Dear readers and writers,
During a short trip In July, I will explore both my own roots in North Carolina and some of the implications of Cherokee Culture and History in a course at Cherokee, NC. I will also get to interview a member of the Lumbee tribe who was there for the Hayes Pond Battle when the Ku Klux Klan was defeated resoundingly by the Lumbees. It will be a trip full of resonance for me personally and for me as the author of a novel-in-progress set in North Carolina and called Not North.
Some time ago, I started this blog thinking a lot about how location affects personality, development, reactions to life events. This next location-bath is sure to help me recreate the North Carolina of the 1950-1960 period when my novel occurs. It’s also likely to affect my own ways of being. I recently read some thoughts from Terry Tempest Williams on effects on her of her Salt Lake City location, which I’d like to quote here:
“Each horizon, each place holds its own evolutionary power be it the prairie or the plateaus, the mountains or the marshes at Great Salt Lake. For me, this is the nature of peace. Our task is to learn how to see it, feel it, hear it, and care for these places as our own home ground….Our intimacy with the land becomes our intimacy with each other. Hands on the Earth, we remember and reconnect with a power beyond ourselves. We are humbled.”
I go with open mind and heart, and I am sure I’ll hear the land and water telling me their secrets, as they did when I lived there growing up.
Have you reconnected with your early roots in landscape, water, people, plants, animals? How did you feel?
Hi readers and writers,
When I was a kid in North Carolina, I loved milkweed pods in the late summer and fall. They opened and out came many individual dark brown, tear-shaped seeds, each with a round fluffy ball of miraculous shiny rays of fiber to float it away on the breeze. I could play with one pod of milkweeds for hours.
Now, I’ve joined a group trying to plant milkweeds at homes, since farmers no longer have them in the verges (they are easily killed by the Roundup type herbicides used by today’s farmers). Monarch butterflies are in the crosshairs of global climate change, losing their ability to go and come from wintering sites in Mexico to their northern summelands. They are off course and bewildered, because where are the milkweeds they need to lay their eggs upon? That’s the only thing their growing larvae will eat, but where are they? It’s wonderful to be able to help these butterflies survive by re-living a gorgeous milkweed experience from my distant past. Here’s to milkweeds and butterflies, long may they fly!
Hi friends of reading and writing,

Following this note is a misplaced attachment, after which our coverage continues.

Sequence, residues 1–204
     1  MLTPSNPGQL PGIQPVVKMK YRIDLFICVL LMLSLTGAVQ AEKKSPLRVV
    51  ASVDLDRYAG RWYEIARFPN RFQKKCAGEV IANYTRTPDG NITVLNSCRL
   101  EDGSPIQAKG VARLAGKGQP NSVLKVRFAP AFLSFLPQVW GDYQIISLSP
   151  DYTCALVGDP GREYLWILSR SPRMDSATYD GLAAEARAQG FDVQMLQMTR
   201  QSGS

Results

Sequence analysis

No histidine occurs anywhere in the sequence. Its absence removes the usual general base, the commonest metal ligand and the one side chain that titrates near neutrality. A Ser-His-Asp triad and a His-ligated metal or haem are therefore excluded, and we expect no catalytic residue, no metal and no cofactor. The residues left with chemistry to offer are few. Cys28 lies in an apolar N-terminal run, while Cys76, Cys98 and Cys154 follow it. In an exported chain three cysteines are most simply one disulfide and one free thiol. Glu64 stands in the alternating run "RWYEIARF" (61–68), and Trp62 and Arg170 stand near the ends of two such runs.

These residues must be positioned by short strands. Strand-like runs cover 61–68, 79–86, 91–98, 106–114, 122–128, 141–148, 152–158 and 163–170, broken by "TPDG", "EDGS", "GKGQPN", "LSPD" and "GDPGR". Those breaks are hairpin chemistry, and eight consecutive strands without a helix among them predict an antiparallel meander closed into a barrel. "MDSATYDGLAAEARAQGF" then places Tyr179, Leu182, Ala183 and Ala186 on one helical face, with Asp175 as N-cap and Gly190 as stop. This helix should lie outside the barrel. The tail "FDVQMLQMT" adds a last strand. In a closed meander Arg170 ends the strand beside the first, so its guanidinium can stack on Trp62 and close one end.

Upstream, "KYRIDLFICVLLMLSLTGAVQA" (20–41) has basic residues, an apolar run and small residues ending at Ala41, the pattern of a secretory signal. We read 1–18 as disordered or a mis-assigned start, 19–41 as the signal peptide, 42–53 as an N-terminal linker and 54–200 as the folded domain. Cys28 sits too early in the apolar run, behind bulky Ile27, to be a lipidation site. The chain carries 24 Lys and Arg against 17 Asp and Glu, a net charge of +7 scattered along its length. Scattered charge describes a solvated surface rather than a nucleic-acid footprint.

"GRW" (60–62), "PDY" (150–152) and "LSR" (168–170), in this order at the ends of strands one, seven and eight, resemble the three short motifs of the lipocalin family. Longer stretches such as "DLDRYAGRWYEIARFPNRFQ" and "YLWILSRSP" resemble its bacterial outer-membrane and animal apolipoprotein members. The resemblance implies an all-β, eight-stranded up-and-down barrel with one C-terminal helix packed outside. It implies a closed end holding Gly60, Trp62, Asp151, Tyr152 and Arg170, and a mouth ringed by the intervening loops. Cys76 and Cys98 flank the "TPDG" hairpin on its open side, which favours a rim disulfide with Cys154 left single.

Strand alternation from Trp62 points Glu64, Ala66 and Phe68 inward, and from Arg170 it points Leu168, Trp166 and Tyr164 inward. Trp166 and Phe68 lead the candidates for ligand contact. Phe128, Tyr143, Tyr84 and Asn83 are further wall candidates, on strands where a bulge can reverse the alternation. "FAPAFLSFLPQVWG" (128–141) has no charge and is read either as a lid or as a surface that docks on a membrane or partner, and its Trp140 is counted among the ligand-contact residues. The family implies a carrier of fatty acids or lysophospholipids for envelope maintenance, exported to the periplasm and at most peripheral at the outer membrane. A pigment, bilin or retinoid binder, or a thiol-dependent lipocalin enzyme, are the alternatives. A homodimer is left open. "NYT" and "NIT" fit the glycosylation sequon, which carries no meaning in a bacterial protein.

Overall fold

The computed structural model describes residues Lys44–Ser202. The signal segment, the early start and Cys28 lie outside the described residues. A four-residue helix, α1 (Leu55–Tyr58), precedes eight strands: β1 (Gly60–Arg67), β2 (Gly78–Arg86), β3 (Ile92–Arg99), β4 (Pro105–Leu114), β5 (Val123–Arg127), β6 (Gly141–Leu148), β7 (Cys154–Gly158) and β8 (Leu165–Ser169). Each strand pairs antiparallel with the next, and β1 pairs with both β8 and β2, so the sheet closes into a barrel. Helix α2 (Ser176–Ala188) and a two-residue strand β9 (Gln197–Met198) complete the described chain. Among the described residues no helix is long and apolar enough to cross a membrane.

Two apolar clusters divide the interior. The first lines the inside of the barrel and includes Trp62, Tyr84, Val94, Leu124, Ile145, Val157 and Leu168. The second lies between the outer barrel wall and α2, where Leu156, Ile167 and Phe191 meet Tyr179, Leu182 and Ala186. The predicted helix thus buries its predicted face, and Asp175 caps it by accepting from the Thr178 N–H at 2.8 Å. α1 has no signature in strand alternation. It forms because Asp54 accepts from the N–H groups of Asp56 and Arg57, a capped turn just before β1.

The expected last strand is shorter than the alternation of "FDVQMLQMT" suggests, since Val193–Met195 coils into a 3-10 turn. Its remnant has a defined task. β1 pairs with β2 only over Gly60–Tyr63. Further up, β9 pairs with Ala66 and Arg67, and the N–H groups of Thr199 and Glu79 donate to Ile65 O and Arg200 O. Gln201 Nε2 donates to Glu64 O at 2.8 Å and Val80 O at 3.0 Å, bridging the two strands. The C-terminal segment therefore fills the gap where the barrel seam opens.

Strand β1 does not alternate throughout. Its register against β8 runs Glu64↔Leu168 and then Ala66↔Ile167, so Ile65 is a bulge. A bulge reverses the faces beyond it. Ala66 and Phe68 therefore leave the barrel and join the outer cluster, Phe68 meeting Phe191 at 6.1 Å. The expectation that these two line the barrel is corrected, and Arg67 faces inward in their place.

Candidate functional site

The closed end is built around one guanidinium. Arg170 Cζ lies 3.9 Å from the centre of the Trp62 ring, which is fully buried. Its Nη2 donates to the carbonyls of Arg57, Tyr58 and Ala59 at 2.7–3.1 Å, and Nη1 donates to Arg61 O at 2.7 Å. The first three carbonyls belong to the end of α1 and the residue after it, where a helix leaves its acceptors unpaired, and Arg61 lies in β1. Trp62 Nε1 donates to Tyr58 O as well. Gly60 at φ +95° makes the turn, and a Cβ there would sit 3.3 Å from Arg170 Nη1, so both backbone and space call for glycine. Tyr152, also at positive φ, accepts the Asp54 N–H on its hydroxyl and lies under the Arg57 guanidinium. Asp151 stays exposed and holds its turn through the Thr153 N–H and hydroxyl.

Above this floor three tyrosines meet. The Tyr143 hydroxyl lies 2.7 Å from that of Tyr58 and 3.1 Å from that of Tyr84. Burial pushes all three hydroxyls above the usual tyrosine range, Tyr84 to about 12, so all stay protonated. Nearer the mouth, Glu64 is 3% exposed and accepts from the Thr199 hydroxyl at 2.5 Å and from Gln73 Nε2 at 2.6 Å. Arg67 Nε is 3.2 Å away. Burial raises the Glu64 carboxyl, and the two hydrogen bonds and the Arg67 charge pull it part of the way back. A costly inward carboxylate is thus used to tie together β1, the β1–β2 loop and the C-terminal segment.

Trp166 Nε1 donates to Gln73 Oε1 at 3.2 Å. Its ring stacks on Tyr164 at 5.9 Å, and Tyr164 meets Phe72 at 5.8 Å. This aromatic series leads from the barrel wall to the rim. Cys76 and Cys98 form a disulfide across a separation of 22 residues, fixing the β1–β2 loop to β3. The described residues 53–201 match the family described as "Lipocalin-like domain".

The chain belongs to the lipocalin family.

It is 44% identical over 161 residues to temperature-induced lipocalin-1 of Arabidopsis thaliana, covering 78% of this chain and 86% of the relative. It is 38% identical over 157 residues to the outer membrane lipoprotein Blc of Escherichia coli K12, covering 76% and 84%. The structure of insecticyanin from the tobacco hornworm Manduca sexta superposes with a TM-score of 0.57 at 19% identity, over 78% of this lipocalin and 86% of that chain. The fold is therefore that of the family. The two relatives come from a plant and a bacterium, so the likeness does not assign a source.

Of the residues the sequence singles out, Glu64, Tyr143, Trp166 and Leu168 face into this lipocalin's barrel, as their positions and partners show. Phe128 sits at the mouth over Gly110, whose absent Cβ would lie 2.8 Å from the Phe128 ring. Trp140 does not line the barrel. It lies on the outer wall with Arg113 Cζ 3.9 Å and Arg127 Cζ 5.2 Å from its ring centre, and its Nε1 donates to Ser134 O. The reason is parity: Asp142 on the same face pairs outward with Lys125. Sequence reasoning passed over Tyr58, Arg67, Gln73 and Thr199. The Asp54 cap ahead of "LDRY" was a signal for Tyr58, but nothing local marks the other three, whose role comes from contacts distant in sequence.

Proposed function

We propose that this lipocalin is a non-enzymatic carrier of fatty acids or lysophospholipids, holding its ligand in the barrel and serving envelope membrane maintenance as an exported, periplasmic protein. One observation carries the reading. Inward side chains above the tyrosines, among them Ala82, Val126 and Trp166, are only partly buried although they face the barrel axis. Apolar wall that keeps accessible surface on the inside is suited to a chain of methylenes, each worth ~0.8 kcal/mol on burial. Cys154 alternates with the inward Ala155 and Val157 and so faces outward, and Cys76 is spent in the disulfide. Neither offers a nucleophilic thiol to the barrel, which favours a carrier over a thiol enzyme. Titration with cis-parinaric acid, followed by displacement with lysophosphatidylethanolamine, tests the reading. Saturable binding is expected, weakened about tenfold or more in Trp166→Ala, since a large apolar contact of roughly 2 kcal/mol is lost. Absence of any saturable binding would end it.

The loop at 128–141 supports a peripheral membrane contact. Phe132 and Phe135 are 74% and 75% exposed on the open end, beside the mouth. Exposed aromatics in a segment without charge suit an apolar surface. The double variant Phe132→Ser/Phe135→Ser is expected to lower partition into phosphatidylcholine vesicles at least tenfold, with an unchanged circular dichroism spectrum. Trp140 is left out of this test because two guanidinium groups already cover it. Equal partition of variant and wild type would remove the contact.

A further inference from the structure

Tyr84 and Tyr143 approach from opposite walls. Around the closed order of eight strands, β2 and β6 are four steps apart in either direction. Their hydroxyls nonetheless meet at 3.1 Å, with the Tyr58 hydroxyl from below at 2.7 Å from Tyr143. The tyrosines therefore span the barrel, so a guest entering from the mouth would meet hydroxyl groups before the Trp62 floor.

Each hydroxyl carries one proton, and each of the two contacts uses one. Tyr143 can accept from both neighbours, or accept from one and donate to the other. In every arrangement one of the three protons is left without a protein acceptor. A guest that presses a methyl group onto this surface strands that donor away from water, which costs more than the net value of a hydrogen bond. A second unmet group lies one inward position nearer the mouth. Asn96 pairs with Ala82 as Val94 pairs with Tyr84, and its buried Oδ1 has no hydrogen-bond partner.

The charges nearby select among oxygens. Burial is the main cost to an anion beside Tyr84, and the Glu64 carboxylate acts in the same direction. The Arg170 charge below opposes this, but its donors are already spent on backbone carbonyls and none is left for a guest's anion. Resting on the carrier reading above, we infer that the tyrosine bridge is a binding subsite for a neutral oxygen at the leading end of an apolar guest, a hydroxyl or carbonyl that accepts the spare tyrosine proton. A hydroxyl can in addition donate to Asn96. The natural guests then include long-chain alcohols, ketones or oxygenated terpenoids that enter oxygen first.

Do you enjoy the setting details in reading or do you skip over them? I’ve heard both from friends who read a lot. I enjoy setting details myself, so I can go over the top in writing about them. I have to remind myself about music, films, other good time markers, but when it comes to water, I can write a book on that alone.
Watching water is one of my favorite mind-regenerating activities. It looks remarkably like doing nothing, I admit that. But the colors change, reflect the sky’s moods, show more or less reflection of the shore depending on the wind and current and the sun’s position. And the water can be its own color. I posted a photo of a great blue heron at Newport Back Bay on FB. People liked it, commented on their experiences with this bird. Since I’m writing about North Carolina’s lowland rivers and swamps, I said that for my setting in current writing, the water should be tes-brown or black. Shiny like coal, great at reflecting egrets but great at hiding herons. I just hope that the color of water means something to my readers someday. It means a lot to my protagonist, Holly McLain, growing up into an environmental activist in North Carolina, then California.
What do you feel about settings in your writing and in your reading?
Hi readers and writers,
This is the last day for this year’s alphabetaphilia so if you’re still enthused about alliteration, feel free to go back to any letter you’d like and add a sentence using 5 words starting with that letter on Feb 27 and Feb 28 or any other day you visit the blog.
Here’s a zebra, Equus quagga to scientists,a favorite photo from Creative Commons, to inspire you today to find 5 z-words, use in a sentence, and post in comments. The coat of the zebra has to be one of the wonders of the world. If you watch a herd gallop by in real life or in TV, the optical movement is overpowering.